Helping the poorest in the world's biggest cities

A new programme to improve conditions in slum areas in some of the world’s biggest cities by giving residents better access to housing, transportation, energy, water and sanitation was announced today by Gareth Thomas.

The UK International Development Minister confirmed in March 2010 that the programme will focus on Lagos, Nigeria’s “megacity” - a city with a population above 10mn.
The UK government’s Nigeria Infrastructure Advisory Facility (NIAF) will help to provide the first ever metropolitan rail lines in Lagos and improve commuter bus services which take people from the slums to the city centre - helping to significantly bolster transport facilities in the city. Speaking at the launch of a new government paper on cities, Mr Thomas highlighted that Africa's growing urban centres offer huge, largely untapped opportunities for British business such as in the rapidly-expanding oil, gas and telecommunications industries and in Nigeria’s case, “Nollywood”.
The government of Nigeria predicts that over the next ten years Lagos could become the third largest city on the planet. However, unless action is taken now to make sure that growth in these cities is properly planned, millions of people will live in poorly constructed housing with little or no access to water or sanitation and scant employment prospects thanks to a lack of electricity and poor transportation links. Launching the programme, Gareth Thomas said, "By 2030, 70 per cent of people in Africa will live in slums. It's clear that we need to take urgent action so that the poorest people are not left behind as megacities like Lagos continue to grow.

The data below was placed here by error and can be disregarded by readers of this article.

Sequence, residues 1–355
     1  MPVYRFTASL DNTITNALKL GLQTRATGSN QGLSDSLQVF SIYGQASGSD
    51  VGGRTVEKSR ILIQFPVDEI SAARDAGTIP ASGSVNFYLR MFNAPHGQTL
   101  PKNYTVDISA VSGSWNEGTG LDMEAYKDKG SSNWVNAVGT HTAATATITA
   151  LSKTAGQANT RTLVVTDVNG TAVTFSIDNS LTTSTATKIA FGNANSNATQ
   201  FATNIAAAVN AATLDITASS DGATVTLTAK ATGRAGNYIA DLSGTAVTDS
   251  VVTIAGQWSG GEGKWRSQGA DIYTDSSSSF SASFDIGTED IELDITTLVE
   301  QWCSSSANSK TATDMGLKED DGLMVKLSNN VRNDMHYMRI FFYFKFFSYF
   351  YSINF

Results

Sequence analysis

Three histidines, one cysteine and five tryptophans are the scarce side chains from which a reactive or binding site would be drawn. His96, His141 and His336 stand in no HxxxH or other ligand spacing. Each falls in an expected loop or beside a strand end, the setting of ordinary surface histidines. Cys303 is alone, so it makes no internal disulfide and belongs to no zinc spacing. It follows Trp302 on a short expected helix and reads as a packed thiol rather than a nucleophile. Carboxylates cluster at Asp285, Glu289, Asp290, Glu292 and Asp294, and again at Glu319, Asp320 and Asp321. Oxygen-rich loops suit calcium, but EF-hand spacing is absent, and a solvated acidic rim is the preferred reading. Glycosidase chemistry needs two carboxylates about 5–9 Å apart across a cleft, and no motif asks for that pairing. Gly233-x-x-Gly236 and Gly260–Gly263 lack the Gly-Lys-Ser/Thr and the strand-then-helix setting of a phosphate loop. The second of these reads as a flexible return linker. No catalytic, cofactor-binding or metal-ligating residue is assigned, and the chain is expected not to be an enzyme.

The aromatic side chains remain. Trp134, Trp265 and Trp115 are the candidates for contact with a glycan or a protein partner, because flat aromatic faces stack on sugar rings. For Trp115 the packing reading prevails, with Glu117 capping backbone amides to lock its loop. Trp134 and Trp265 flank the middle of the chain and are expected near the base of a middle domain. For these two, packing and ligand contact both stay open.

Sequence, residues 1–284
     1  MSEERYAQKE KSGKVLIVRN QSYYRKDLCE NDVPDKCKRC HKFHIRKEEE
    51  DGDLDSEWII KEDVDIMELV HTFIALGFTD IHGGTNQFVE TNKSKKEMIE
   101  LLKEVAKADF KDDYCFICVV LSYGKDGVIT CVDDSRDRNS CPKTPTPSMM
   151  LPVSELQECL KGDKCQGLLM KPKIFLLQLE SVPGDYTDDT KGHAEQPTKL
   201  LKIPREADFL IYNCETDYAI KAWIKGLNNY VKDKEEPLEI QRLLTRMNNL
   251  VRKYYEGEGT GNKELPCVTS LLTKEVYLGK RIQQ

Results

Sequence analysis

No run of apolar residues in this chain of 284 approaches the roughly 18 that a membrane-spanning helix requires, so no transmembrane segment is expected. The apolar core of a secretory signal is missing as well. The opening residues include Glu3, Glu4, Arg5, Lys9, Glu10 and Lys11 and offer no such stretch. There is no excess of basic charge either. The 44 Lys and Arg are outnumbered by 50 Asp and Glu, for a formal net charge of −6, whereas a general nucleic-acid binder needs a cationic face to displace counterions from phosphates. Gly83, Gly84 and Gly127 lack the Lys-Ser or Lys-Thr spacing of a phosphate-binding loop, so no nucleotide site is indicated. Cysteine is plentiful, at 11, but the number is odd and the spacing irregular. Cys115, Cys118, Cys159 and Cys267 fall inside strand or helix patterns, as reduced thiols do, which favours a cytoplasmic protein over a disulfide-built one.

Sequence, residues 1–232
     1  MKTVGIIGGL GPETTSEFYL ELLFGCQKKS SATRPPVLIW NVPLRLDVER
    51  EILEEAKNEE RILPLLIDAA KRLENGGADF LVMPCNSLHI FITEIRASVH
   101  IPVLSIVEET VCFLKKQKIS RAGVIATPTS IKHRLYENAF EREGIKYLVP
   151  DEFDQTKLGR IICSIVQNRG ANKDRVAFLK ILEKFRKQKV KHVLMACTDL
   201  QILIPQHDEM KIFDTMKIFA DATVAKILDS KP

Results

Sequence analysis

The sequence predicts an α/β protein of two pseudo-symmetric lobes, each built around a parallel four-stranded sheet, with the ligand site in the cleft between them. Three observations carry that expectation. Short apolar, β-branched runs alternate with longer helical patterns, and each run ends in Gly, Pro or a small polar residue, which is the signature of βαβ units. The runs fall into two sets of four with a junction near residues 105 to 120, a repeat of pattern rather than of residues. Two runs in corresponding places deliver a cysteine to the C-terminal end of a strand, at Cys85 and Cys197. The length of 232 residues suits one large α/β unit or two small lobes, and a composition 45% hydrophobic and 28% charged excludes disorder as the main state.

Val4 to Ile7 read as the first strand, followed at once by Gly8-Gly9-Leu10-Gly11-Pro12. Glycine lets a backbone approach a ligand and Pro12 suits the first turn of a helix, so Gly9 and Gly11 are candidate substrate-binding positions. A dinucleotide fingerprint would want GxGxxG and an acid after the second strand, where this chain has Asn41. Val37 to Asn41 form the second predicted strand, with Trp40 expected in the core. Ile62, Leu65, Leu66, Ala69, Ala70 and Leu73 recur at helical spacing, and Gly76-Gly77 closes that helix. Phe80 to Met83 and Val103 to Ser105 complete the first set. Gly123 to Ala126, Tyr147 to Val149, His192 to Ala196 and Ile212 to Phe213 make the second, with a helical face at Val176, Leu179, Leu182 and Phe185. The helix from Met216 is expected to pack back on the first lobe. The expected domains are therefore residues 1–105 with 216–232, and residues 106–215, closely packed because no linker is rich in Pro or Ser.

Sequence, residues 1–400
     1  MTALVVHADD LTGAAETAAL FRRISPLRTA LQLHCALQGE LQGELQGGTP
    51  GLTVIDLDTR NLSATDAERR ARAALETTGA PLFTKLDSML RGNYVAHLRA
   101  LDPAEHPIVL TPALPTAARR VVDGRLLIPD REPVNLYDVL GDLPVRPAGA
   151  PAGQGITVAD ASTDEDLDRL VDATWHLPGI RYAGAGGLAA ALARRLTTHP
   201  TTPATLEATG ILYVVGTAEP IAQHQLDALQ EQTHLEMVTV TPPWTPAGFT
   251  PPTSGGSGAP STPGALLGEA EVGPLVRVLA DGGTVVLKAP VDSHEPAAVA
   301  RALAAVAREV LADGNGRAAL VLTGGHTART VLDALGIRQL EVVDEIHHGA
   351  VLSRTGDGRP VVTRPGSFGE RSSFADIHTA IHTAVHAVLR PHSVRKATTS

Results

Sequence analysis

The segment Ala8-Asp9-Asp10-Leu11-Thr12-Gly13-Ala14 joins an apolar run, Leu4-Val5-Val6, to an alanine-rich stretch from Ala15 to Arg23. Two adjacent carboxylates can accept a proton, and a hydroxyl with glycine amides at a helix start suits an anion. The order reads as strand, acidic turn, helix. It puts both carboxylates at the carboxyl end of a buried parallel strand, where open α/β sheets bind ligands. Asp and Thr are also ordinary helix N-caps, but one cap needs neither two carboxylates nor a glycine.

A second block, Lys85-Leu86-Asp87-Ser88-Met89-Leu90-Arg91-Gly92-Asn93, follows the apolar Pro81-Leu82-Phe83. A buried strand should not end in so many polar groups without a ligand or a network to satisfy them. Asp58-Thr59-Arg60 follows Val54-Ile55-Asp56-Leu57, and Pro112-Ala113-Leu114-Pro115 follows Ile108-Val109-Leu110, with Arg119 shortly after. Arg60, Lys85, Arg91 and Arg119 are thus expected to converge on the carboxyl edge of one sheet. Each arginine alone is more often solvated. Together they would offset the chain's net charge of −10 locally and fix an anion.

"Cities offer massive opportunities for business. But with these opportunities come huge challenges – poor transportation, massive deprivation, overcrowding and a lack of basic facilities that we take for granted like running water and toilets.
"By helping to upgrade the buses and railways, our new funding will mean that Lagos's transport system is better able to meet the needs of its residents in the years to come, helping the city to reach its potential as an economic powerhouse and a good place to do business."

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